Washington generated big games from its backcourt of Bradley Beal (27 points) and John Wall (20 points and 16 assists, though offset by eight turnovers). Marcin Gortat and Porter each contributed 16 points, while Kelly Oubre Jr. (12) and Bojan Bogdanovic (10) scored in double-figures off the bench. But the big takeaway was a second-quarter sprained ankle suffered by starting power forward Markieff Morris, whose absence undid Washington’s large advantage on the boards and increased the pressure on its bench.
Even as the Wizards closed to within 106-99 with 5:41 left, the Celtics were flaunting their diversity of options. Stevens turned to No. 3 pick Jaylen Brown, who had totaled 30 minutes with a DNP in the opening round.
“Bogdanovic had hit a couple of shots, and I thought Jaylen did a good job on Bogdanovic in one of our games earlier this year when I was watching film,” said Stevens. The rookie responded instantly with a corner 3-pointer as Boston pulled away.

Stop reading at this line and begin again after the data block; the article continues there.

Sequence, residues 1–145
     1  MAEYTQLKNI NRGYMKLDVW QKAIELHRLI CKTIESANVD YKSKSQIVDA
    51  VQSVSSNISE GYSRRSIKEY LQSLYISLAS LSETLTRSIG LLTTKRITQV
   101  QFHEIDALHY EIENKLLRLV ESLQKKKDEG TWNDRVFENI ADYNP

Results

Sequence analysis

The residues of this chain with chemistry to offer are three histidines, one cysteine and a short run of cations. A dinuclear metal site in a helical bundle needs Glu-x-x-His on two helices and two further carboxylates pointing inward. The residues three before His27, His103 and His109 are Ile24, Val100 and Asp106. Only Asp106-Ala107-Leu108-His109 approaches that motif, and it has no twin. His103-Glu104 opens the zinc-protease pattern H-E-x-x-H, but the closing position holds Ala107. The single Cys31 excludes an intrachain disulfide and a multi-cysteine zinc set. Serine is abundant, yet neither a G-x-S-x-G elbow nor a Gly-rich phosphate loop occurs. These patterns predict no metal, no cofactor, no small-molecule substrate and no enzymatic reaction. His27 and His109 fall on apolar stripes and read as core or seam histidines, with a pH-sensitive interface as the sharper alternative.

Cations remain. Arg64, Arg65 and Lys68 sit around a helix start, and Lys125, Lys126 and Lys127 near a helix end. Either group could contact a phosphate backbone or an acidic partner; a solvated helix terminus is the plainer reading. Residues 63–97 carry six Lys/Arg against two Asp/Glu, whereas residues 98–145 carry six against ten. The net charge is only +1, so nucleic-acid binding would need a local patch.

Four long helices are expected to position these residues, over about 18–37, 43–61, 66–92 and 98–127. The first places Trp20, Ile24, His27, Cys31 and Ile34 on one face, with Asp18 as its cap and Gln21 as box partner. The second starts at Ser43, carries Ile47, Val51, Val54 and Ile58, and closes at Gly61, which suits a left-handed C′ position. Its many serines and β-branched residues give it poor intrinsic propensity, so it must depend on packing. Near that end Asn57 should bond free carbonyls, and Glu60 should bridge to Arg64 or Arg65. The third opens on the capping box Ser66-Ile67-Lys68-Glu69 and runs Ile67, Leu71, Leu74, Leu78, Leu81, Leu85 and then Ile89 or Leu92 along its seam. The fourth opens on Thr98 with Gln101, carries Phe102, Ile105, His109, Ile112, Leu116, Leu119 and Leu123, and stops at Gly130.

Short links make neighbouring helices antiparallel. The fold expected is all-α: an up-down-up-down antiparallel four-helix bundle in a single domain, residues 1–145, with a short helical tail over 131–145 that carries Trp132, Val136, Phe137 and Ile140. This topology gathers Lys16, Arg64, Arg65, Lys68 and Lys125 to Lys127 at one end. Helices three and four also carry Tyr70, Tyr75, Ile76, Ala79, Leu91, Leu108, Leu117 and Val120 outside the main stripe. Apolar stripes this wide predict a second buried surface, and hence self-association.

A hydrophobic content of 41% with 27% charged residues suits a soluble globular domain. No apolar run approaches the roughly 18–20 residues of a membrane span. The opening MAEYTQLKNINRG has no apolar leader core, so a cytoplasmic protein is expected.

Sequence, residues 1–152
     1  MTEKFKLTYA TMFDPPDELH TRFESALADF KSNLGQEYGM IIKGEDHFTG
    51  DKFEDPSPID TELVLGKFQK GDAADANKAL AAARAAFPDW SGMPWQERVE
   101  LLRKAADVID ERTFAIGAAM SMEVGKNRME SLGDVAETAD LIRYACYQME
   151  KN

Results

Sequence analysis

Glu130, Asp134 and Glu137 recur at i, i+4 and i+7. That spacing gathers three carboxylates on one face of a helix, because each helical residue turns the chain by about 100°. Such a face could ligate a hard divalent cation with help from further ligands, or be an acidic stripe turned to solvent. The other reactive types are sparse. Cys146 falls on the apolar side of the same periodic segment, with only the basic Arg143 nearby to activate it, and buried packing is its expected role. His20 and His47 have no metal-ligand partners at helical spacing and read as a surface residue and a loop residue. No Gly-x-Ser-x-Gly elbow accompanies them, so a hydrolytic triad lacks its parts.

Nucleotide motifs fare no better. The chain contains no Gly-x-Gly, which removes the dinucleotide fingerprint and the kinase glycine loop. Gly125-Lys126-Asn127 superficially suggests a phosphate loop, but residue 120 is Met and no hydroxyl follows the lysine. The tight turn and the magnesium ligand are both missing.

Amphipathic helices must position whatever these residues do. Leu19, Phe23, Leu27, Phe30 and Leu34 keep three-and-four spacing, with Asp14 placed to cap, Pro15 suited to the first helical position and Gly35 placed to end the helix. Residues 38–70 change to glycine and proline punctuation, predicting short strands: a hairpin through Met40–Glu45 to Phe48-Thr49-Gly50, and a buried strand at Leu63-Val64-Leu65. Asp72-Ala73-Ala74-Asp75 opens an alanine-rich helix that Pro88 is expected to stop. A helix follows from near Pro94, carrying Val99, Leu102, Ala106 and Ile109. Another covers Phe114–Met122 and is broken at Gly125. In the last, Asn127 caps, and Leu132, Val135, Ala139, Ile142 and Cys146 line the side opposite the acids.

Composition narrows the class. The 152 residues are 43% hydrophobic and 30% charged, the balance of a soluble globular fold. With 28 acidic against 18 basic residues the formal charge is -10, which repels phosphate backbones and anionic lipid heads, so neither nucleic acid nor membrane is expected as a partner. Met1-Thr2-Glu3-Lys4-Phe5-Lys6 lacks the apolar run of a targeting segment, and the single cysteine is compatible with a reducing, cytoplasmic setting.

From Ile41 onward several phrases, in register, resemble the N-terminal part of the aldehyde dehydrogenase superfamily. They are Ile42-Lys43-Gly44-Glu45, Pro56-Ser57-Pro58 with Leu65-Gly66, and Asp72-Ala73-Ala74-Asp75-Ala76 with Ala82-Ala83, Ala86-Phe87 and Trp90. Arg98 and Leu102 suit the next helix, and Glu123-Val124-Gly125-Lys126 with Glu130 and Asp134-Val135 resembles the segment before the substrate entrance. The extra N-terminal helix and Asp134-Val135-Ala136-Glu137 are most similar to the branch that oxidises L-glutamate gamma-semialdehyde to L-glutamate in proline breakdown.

There was much for Boston to celebrate in the short term. In addition to Horford’s near triple-double, Jae Crowder (24 points) was also highly efficient while Avery Bradley (18 points and four steals) continued to be a two-way force. Altogether the Celtics tied their franchise playoff record with 19 3-pointers (on 39 attempts), and this comeback was their largest in the playoffs since they recovered from 24 points down to beat the Lakers on their way to winning the 2008 NBA Finals. But the most promising sign of all Sunday was from Thomas.
“It just bothers me to talk,” he said after the game. “My tongue goes right through my tooth.”
And yet he was smiling.
Chyna Thomas would have turned 23 years old on Tuesday, when her brother will be back in uniform, following hours of likely dental surgery, to play Game 2 here. How can Isaiah Thomas smile? And yet smile he does.
Ian Thomsen has covered the NBA since 2000. You can e-mail him here, find his archive here or follow him on Twitter.
The views on this page do not necessarily reflect the views of the NBA, its clubs or Turner Broadcasting.